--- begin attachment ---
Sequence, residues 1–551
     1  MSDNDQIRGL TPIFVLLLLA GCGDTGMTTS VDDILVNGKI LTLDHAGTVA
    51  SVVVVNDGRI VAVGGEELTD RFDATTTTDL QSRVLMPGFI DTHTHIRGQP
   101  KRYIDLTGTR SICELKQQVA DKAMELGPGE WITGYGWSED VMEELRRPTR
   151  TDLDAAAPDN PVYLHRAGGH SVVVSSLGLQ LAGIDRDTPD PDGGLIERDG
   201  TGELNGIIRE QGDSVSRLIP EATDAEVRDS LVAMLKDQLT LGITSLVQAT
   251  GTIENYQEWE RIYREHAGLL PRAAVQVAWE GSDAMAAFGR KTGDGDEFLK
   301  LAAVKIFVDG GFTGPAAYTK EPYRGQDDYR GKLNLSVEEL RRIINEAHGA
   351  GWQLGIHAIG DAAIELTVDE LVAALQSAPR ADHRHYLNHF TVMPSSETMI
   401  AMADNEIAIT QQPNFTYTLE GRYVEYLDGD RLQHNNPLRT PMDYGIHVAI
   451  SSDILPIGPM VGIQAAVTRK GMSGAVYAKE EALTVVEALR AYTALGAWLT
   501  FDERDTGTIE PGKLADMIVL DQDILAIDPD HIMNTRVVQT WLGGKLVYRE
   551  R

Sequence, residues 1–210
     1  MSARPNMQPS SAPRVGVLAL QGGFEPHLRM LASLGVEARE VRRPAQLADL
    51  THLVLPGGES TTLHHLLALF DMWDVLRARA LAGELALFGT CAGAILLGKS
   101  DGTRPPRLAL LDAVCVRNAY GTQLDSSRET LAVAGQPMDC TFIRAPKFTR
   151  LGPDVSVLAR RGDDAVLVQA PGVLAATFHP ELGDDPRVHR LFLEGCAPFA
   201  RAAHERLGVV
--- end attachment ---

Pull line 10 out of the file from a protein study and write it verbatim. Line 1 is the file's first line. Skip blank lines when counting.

   401  AMADNEIAIT QQPNFTYTLE GRYVEYLDGD RLQHNNPLRT PMDYGIHVAI